Victor Victoria Tootsie 1982 comedies in which an out-of-work performer resorts to posing as the opposite gender to get a job. Career success comes with romantic challenges due to having to keep up the charade. The former film is about a woman masquerading as a man (selling "himself" as a female impersonator) in 1930s Paris, and is a diegetic musical; the latter has a man masquerading as a woman to land a Soap Opera role in what was then present-day New York City. The movies were released far enough apart (March and December) that they didn't step on each other's toes, and both got great reviews. Tootsie turned out to be the second biggest box-office hit of 1982 and made it to #2 on the AFI's list of the 100 funniest comedies in 2000 (the movie that beat it? Some Like It Hot) -- but Victor Victoria also did well financially, is #76 on that list, and had an unsuccessful Screen to Stage Adaptation in 1995. Both movies received a clutch of Academy Award nominations and each won one (Song Score for the former, Supporting Actress for the latter). Everybody came out a winner on this one.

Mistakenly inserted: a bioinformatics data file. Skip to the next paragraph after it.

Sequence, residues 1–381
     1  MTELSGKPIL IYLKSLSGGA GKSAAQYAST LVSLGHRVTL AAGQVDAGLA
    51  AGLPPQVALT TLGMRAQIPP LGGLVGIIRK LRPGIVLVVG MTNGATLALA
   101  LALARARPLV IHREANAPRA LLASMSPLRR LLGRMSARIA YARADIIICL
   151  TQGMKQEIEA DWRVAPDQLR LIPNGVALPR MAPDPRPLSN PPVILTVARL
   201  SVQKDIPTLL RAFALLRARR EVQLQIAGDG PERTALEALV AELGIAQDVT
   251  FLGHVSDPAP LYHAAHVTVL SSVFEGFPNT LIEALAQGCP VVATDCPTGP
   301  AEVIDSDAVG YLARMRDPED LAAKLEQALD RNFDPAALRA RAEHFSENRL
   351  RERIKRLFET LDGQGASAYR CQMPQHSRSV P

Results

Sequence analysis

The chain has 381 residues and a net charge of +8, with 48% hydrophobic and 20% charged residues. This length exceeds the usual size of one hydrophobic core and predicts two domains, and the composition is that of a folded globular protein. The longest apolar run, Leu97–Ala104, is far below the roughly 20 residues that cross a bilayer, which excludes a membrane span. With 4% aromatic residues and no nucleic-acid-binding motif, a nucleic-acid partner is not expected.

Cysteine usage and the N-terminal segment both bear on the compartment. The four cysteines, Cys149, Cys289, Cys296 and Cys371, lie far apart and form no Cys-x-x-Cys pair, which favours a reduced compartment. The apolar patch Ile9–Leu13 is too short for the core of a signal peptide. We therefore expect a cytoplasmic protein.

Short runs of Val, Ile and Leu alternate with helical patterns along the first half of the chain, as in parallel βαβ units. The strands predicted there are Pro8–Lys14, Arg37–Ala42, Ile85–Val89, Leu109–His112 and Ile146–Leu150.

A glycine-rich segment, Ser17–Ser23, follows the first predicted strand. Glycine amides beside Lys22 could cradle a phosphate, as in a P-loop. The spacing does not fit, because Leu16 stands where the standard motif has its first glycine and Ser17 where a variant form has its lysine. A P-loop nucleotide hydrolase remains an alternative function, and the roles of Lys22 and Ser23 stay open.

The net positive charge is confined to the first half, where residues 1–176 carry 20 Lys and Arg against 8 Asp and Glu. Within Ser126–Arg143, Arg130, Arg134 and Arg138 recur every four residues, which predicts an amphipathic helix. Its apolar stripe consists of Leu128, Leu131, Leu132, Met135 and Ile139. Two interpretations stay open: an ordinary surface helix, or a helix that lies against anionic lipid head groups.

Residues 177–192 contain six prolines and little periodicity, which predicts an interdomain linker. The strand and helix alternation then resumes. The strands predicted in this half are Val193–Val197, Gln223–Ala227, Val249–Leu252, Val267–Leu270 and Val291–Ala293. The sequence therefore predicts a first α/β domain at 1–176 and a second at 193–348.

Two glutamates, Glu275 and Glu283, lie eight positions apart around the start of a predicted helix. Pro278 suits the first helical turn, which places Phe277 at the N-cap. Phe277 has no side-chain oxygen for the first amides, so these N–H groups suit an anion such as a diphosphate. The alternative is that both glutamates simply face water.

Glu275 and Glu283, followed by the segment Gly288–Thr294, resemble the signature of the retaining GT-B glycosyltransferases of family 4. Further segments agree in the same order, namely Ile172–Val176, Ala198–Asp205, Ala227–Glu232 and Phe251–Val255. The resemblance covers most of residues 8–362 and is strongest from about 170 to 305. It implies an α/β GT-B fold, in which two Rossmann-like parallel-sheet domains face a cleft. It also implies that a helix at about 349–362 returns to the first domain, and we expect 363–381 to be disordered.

Can't Stop the Music Xanadu 1980 disco musicals, each with a $20 million budget, that double as non-actor vehicles. Both involve alumni of the 1978 blockbuster Grease: producer Allan Carr and screenwriter Bronte Woodard with the former, and lead actress Olivia Newton-John with the latter. (Carr wanted Newton-John for the female lead in Can't Stop, but it didn't work out.) The former fictionalizes the creation and rise to stardom of The Village People and intertwines it with a romance between an uptight lawyer (Bruce Jenner) and a feisty ex-model (Valerie Perrine). The latter is a fantasy about a Greek Muse (Newton-John) who inspires a struggling artist (Michael Beck) to open a lavish roller disco; complications ensue when she falls in love with him. Can't Stop opened in June, Xanadu in August—either way, they were victims of the "Disco Sucks" backlash. Both received wretched reviews and derailed the film careers of several of their leads. They inspired the very first Golden Raspberry Awards when they ran as a double feature; the former "won" Worst Picture and Screenplay, and the latter Worst Director. But Xanadu barely made back its budget, had a hit soundtrack, became a Camp classic via cable, and received an intentionally tongue-in-cheek Screen to Stage Adaptation in 2007. Can't Stop the Music only grossed $2 million and sounded the death knell for The Village People's popularity.